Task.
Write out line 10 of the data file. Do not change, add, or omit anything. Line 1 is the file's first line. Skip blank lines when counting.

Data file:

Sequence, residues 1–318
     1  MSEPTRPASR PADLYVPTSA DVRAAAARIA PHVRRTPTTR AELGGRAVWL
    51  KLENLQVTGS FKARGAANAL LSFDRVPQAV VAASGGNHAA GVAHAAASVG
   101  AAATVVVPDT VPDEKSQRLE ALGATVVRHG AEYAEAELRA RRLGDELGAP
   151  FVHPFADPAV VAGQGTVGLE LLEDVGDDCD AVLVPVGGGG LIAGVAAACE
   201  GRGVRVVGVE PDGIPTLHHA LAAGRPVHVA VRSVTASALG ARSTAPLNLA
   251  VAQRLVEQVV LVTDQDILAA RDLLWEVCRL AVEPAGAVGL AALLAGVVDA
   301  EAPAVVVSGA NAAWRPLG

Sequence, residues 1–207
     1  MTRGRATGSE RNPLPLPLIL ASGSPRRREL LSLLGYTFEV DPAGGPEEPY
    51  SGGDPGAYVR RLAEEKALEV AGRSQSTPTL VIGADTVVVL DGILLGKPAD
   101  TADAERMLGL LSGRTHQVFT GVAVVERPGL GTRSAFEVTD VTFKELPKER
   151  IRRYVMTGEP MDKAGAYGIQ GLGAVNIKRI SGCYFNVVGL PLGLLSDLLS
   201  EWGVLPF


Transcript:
     1  MTRGRATGSE RNPLPLPLIL ASGSPRRREL LSLLGYTFEV DPAGGPEEPY